We have such a miracle in Daniel chapter 2. In the opening chapter of Daniel the ruling Babylonians attempted to turn wise young Jewish men into good Babylonian wisemen. However, Daniel and his friends were determined to retain their Jewish identity and dependence upon God. Surely this is not going to end well! There is indeed a clash of world-views in chapter 3, but something remarkable happens before that:

46 Then King Nebuchadnezzar threw himself down before Daniel and worshiped him, and he commanded his people to offer sacrifices and burn sweet incense before him. 47 The king said to Daniel, “Truly, your God is the greatest of gods, the Lord over kings, a revealer of mysteries, for you have been able to reveal this secret.”

48 Then the king appointed Daniel to a high position and gave him many valuable gifts. He made Daniel ruler over the whole province of Babylon, as well as chief over all his wise men. 49 At Daniel’s request, the king appointed Shadrach, Meshach, and Abednego to be in charge of all the affairs of the province of Babylon, while Daniel remained in the king’s court. Daniel 2:46-49 (NLT)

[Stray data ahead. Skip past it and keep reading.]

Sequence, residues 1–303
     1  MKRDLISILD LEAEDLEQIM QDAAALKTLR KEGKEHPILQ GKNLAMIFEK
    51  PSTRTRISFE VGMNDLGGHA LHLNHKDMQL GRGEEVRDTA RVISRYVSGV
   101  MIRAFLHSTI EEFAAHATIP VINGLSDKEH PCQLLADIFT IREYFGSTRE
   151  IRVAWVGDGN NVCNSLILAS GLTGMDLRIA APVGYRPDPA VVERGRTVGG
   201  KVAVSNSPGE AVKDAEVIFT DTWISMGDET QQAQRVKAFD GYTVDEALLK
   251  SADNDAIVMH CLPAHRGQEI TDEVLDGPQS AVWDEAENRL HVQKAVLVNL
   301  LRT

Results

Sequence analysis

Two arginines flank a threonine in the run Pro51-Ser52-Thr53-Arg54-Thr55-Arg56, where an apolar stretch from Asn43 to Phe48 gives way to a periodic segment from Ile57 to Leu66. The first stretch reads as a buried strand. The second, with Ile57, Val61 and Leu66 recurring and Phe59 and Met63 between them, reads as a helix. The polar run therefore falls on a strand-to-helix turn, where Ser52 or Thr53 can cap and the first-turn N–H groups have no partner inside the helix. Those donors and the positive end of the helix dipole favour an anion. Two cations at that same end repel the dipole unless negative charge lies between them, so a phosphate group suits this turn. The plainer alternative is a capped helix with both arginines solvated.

The Babylonian king is obviously very thankful and very impressed not just with Daniel, but with the God Daniel serves. Daniel alone was able to help the king. Despite the fact Daniel was different, and from a minority group, Nebuchadnezzar is impressed, and thankful.

Back to our day where Christianity no longer has the influence it once did: Could anyone be impressed with, or thankful for, Christians? Let us look to another time in which Christianity had even less influence in society. Was anyone impressed with, or thankful for, Christians in New Testament times?

Some people in Jewish and Roman society were not impressed at all, and certainly not thankful. Consider Jewish religious leaders, like Saul before he became a Christian. He would have liked the Jesus followers to just go away and take their Christianity with them. Consider merchants dependent upon the sale of idols, such as we read of in Acts 19. As Christians didn’t spend their money on idols, the idol merchants were becoming idle merchants as people turned to Jesus. Consider people who liked the status quo, like those we read about in Acts 17.

Was anyone grateful for Christians in New Testament times?